Milton Jang

Digital Gardens

People are creating an internet that is less about connections and feedback, and more about quiet spaces they can call their own.

Tanya Basu via MIT Technology Review

Welcome to the world of “digital gardens.” So, what exactly are “digital gardens”? According to Tanya Basu, they’re simply personal sites where digital gardeners (site owners) don’t follow rules. Before I go into anything, let me say this: Tanya, please explain what these rules are exactly. I have no idea what you’re referring to so now I’m left to go off of my own assumptions.

Oh? Could you speak a bit louder? … I still can’t hear you, up the volume like 5000 notches will ya? Oh wait, how silly of me, I’m not going to get a response.

The main difference between blogging and digital gardening, as told by Tom Critchlow, is that “with blogging, you’re talking to a large audience, [and] with digital gardening, you’re talking to yourself,” or more accurately, writing to yourself.

So, in a way, you can almost think of digital gardens like your backyard garden at home. That thing is yours. It’s in the physical confines of your property that you own (or are still paying off). You can plant whatEVER you want in your garden and not give a flying Frappuccino what the next-door neighbor thinks—unless you’re growing weed or something of the sorts illegal in your city. You went to Hawaii this summer and want a palm tree in your igloo in Nunavut? Ship it. You want to plant cocoa beans because you just think they look nice? Awesome. I don’t care what you do with your garden, and neither should you care about mine.

Photo by Arvin Putra Pratama on Unsplash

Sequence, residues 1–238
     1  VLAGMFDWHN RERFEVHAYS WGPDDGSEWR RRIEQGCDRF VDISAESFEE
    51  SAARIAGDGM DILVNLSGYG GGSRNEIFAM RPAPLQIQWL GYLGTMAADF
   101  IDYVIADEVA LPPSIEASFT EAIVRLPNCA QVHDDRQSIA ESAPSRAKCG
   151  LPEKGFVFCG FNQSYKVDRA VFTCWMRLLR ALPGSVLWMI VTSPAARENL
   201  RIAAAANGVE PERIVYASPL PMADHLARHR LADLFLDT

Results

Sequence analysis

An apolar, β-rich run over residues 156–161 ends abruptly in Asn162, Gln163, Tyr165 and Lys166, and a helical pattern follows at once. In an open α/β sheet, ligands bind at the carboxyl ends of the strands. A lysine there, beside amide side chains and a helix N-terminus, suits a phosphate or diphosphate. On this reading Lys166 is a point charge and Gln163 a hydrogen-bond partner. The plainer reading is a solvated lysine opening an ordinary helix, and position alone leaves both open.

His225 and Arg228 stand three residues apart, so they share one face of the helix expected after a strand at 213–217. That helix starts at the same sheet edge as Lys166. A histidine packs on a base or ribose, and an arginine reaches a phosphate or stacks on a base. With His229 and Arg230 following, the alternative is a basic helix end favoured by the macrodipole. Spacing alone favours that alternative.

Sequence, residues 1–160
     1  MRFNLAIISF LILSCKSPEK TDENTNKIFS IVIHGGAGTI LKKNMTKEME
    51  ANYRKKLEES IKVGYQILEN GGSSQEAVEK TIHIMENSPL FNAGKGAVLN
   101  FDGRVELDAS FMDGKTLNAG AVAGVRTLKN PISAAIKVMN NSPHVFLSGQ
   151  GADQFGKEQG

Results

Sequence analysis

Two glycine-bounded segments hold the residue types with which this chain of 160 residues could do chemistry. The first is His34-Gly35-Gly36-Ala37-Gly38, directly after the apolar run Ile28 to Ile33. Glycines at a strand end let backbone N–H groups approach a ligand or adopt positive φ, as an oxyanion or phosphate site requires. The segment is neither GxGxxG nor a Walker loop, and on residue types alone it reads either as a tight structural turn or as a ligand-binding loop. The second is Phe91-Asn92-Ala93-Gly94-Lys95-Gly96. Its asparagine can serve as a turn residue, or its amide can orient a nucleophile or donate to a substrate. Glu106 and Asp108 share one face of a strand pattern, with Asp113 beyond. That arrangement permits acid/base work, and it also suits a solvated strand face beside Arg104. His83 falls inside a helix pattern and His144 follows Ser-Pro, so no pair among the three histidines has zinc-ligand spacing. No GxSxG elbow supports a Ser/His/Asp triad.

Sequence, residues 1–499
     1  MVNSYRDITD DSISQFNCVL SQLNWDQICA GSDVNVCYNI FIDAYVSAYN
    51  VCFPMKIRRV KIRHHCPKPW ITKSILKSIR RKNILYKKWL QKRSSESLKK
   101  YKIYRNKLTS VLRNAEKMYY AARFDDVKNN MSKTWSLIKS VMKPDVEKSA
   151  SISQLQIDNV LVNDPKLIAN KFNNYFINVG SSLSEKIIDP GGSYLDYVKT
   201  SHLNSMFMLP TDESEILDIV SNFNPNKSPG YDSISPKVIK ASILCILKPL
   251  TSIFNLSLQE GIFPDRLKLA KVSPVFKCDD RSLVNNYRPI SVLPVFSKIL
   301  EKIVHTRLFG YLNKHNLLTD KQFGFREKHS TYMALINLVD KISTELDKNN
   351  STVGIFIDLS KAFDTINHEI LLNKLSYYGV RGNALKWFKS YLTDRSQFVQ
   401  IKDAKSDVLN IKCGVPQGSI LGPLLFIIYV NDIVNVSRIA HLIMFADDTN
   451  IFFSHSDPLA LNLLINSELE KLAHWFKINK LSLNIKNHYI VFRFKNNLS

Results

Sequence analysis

The matter of caring, however, becomes more important when things get public. First and foremost, there are rules—well hallelujah Tanya, there’s that word again! Managing a blog is like taking care of the greenery and plantation in Singapore’s Jewel Changi Airport. As the landscaper and gardener in charge, you can’t do whatEVER you want. Why? Because it’s not your home, it’s public property. You have to pick and choose shrubs, trees, vines, and flowers that work well together to create a pleasurable experience for visitors. Even if you’re a die-hard fungus lovin’ enthusiast, you can’t secretly stay overnight and fill the place with all your favorite species of mushrooms. You’d get caught bright and early in the morning.

But wait, there’s a third side to the coin. You’re saying, “Milton, coins only have two sides to them,” and you’d be right. You’d also be wrong in forgetting that a coin has depth. We live in a 3D world friends.

The third side of the coin is where you have the power to control the shrubbery of public spaces to your own liking. Being a digital gardener pruning the front yard garden of your home rather than the backyard garden would fit this criterion. Your front yard garden is still within your property, just more publicly exposed. Go ahead, make your front yard into a vineyard, make some wine, then throw a party for the whole neighborhood. People would have to endure whatever sight you got going, but let me say this. I’d rather a horrendous mess, an overgrown jungle, or even a vineyard for that matter (because I’d think probably think you’re super interesting) rather than a flat rectangular patch of grass in front of your house—now that’s just boring. And if you’re the owner of the Jewel Changi Airport? Screw it. Plant 200,000 sunflowers. How beautiful of a sight that would be.


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